Ironically they are huddled on the floor of one of the grand function rooms which last month played host to the Future Investment Conference, a gathering of world business leaders which Prince Mohammed used to highlight his commitment to turning Saudi Arabia to ‘moderate Islam’ – and which some of those arrested attended.
Al-Waleed used the conference to speak to CNBC about the flotation of oil giant Saudi Aramco – words which may well be his last in public life.
The hotel also played host to Donald Trump when he visited the kingdom, on his first foreign trip earlier this year, and it was where he met the crown prince.
The arrests that began late Saturday included Prince Miteb bin Abdullah, who for the past four years had led the National Guard, and Prince Adel Fakeih, who was minister of economy since April.
Prince Miteb was once considered a contender for the throne, though he has not been thought of recently as a challenger to Prince Mohammed.
The men were reportedly arrested in a crackdown that the attorney general described as ‘phase one’.
Prince Al-Waleed is accused of money laundering, bribery and extorting officials, an official told Reuters on Sunday.
Turned into a ‘prison’: The Ritz Carlton in Riyadh was emptied of guests on Saturday night as the round-up of allegedly corrupt ministers and princes got under way.
Arrested: Prince Al-Waleed bin Talal, one of the world’s highest-profile investors, and Prince Adel Fakeih, who was minister of economy since April, are being held.
Military man: Prince Miteb bin Abdullah, who for the past four years had led the National Guard, is among those arrested.
Another arrest: Nasser bin Aqeel al-Tayyar was president of a large travel group, whose shares plunged
The campaign of arrests lengthens an already daunting list of challenges undertaken by the 32-year-old king since his father, King Salman, ascended the throne in 2015.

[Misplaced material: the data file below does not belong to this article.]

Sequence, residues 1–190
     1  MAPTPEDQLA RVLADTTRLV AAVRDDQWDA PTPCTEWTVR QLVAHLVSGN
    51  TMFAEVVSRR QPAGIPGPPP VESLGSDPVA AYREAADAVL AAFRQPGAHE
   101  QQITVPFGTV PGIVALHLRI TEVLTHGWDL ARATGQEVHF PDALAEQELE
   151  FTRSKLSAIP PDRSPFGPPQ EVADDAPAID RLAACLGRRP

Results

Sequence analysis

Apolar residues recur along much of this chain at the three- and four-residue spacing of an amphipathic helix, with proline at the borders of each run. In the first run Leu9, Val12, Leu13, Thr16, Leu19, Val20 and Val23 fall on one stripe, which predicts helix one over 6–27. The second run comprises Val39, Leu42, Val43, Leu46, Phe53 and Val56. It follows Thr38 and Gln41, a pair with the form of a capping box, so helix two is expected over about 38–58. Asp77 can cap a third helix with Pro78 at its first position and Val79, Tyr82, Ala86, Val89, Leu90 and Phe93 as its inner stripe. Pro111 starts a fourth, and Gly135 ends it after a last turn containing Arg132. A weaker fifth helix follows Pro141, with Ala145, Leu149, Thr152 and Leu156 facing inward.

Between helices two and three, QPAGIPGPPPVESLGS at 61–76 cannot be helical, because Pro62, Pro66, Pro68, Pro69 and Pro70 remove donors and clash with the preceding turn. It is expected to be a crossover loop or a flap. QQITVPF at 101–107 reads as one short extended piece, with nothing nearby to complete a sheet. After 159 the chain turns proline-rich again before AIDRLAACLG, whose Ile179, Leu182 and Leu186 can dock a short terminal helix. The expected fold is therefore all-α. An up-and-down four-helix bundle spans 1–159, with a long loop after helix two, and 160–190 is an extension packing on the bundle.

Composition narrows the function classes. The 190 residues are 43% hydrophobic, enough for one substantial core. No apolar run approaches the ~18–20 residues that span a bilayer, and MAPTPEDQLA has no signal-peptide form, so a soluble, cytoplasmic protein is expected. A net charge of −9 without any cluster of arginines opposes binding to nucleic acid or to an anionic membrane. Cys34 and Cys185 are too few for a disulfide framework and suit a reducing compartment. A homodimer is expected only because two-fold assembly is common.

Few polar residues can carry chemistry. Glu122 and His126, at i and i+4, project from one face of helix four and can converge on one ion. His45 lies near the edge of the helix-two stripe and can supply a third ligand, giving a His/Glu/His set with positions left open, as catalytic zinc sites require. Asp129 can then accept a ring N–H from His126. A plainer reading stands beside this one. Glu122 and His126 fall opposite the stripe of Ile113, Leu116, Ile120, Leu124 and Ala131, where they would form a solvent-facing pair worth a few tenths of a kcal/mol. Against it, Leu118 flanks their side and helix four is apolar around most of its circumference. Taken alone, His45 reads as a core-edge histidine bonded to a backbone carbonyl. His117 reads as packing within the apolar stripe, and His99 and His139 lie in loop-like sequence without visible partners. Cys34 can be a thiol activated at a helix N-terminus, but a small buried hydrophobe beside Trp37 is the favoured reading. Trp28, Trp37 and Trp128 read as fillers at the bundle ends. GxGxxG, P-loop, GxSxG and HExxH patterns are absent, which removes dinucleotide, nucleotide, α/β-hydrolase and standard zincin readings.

Those include going to war in Yemen, cranking up Riyadh’s confrontation with arch-foe Iran and reforming the economy to lessen its reliance on oil.
Both allies and adversaries are quietly astounded that a kingdom once obsessed with stability has acquired such a taste for assertive policy-making.
‘The kingdom is at a crossroads: Its economy has flatlined with low oil prices; the war in Yemen is a quagmire; the blockade of Qatar is a failure; Iranian influence is rampant in Lebanon, Syria and Iraq; and the succession is a question mark,’ wrote ex-CIA official Bruce Riedel for Reuters.
‘It is the most volatile period in Saudi history in over a half-century.’
The crackdown has drawn no public opposition within the kingdom either on the street or on social media.
Many ordinary Saudis applauded the arrests, the latest in a string of domestic and international moves asserting the prince’s authority.
But abroad, critics perceive the purge as further evidence of intolerance from a power-hungry leader keen to stop influential opponents blocking his economic reforms or reversing the expansion of his political clout.
Prominent Saudi columnist Jamal Kashoggi applauded the campaign, but warned: ‘He is imposing very selective justice.’
‘The crackdown on even the most constructive criticism – the demand for complete loyalty with a significant ‘or else’ – remains a serious challenge to the crown prince´s desire to be seen as a modern, enlightened leader.’
‘The buck stops at the leader’s door. He is not above the standard he is now setting for the rest of his family, and for the country,’ he wrote in the Washington Post.
The campaign of mass arrests expanded on Monday as a top entrepreneur Nasser bin Aqeel al-Tayyar was reported to have been detained.
Al Tayyar Travel plunged 10 percent in the opening minutes after the company quoted media reports as saying board member Nasser bin Aqeel al-Tayyar had been detained in the anti-corruption drive.
Saudi Aseer Trading, Tourism and Manufacturing and Red Sea International separately reported normal operations after the reported detentions of board members Abdullah Saleh Kamel, Khalid al-Mulheim and Amr al-Dabbagh.
Saudi banks have begun freezing suspects’ accounts, sources told Reuters.
The attorney general said on Monday detainees had been questioned and ‘a great deal of evidence’ had been gathered.
‘Yesterday[Sunday] does not represent the start, but the completion of Phase One of our anti-corruption push,’ Saud al-Mojeb said. Probes were done discreetly ‘to preserve the integrity of the legal proceedings and ensure there was no flight from justice.’